Croft said that outfit became a common sight on the main street and also in her bar. She says she would often have to call the police to remove Vachon if he was there begging. But reflecting back, she wishes she had taken a different approach.
“You know, I feel the community as a whole, we let him down,” said Croft. “Here's a man wandering around with, obviously, issues that need to be addressed, and everybody is just letting him go.”
Croft says she knows some individuals tried to help him, but wishes the authorities would have done more to prevent the death.
“He's living in a tent…. Was it not foreseeable that he would freeze, or that he would come to some bad end?”
'Slip through the cracks'
Les Harrison, assistant deputy minister in the territory’s Department of Health, says he can’t comment on specific cases, but he acknowledges “there are all sorts of ways people can slip through the cracks.”
He also emphasizes that when individuals leave the psychiatric ward in Yellowknife, there is a significant effort to create a plan for them with health-care professionals in their home communities.
"People with mental health issues also have the right to make good and bad decisions for themselves."
Harrison adds that authorities can’t force individuals to accept help, unless there is evidence they really are a harm to themselves or others.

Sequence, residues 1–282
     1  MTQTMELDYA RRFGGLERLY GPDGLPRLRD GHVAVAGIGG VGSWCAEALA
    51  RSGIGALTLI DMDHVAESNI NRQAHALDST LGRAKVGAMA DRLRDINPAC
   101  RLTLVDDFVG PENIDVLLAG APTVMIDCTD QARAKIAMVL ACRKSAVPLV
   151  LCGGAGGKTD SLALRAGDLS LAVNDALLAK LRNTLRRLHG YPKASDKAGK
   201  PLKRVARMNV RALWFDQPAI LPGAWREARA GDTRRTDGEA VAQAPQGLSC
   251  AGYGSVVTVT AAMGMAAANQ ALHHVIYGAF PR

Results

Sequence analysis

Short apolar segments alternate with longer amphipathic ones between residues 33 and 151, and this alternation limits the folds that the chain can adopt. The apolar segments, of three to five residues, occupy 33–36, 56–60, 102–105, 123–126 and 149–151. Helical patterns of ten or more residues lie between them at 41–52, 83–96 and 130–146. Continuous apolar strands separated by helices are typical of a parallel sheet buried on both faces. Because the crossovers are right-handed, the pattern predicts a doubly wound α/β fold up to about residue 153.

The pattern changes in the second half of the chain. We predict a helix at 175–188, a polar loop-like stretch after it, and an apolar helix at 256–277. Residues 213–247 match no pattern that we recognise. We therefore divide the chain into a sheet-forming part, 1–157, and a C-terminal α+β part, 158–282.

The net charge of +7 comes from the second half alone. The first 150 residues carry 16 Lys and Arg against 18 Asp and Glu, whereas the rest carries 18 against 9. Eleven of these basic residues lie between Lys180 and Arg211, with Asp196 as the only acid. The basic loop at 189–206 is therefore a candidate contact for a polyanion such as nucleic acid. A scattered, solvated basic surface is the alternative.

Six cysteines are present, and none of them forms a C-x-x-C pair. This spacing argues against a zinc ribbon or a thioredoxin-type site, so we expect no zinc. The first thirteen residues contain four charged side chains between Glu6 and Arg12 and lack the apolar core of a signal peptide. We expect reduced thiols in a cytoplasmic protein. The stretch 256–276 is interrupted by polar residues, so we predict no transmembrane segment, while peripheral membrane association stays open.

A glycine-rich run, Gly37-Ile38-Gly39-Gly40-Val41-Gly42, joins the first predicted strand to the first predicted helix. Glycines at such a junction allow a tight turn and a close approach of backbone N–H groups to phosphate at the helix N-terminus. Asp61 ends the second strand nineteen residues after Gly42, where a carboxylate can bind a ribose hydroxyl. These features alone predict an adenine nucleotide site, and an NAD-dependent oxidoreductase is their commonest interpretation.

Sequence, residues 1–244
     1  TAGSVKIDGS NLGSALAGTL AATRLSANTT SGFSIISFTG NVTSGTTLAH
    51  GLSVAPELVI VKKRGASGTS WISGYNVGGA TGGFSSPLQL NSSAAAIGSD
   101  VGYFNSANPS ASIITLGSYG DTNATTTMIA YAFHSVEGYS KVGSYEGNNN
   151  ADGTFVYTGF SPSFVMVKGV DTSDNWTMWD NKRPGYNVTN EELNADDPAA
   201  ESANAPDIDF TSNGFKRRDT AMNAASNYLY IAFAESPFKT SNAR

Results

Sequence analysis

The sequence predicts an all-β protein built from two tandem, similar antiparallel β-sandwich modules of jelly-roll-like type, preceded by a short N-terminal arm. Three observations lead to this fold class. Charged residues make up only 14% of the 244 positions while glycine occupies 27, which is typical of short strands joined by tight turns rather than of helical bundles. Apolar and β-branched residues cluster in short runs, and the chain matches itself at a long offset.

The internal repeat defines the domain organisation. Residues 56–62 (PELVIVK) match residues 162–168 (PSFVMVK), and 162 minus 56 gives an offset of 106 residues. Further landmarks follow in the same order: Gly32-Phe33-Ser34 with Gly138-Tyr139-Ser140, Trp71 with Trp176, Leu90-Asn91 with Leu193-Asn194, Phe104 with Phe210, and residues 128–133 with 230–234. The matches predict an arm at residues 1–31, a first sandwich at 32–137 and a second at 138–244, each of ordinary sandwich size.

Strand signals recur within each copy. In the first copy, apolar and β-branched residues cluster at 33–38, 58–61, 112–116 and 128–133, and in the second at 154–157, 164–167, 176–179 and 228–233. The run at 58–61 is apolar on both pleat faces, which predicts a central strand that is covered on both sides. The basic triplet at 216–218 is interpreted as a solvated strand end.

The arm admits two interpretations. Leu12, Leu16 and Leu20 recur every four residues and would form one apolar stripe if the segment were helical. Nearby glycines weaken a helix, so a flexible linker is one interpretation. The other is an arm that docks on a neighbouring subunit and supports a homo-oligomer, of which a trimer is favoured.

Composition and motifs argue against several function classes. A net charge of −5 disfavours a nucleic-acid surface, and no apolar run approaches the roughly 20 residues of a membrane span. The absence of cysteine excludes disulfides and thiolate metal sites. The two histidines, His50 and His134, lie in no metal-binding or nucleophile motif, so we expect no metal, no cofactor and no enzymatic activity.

“People with mental-health issues also have the right to make good and bad decisions for themselves,” he said.
The Northwest Territories Housing Corporation did not grant an interview about Vachon's application to get housing. A spokesperson for the housing corporation said the corporation does not speak to specific cases, due to privacy legislation, but "is always willing to work with residents to find solutions to housing issues they may be experiencing."
Back in her room, Lesage is fiddling with a roll of duct tape, trying to put a blind over her window to block the sunlight.
The walls are bare in her room except for a calendar. The day Vachon died is circled, the words “I love Emmanuel” written beside it.
On top of the stereo in the corner of the room is a framed picture of Vachon. The picture is from the 1990s, when the couple’s family was still young. He looks healthy and happy.
Lesage places a cassette into the deck and pushes play. It’s one of Vachon’s favourite country songs, “You Almost Slipped My Mind.”
She sits on the bed, lowers her head, and sings along under her breath. She reaches out towards the picture, her fingertip just managing to touch Vachon’s cheek.
She says he can hear her when she sings.